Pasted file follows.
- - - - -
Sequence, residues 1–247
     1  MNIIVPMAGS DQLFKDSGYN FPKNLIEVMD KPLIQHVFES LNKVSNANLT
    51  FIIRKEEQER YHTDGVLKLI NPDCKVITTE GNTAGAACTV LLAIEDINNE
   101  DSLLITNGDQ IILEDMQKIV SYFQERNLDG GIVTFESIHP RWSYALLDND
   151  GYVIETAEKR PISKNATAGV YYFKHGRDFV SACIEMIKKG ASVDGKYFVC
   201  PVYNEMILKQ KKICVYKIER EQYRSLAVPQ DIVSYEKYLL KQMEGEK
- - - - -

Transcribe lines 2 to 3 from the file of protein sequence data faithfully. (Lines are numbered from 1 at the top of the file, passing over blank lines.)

     1  MNIIVPMAGS DQLFKDSGYN FPKNLIEVMD KPLIQHVFES LNKVSNANLT
    51  FIIRKEEQER YHTDGVLKLI NPDCKVITTE GNTAGAACTV LLAIEDINNE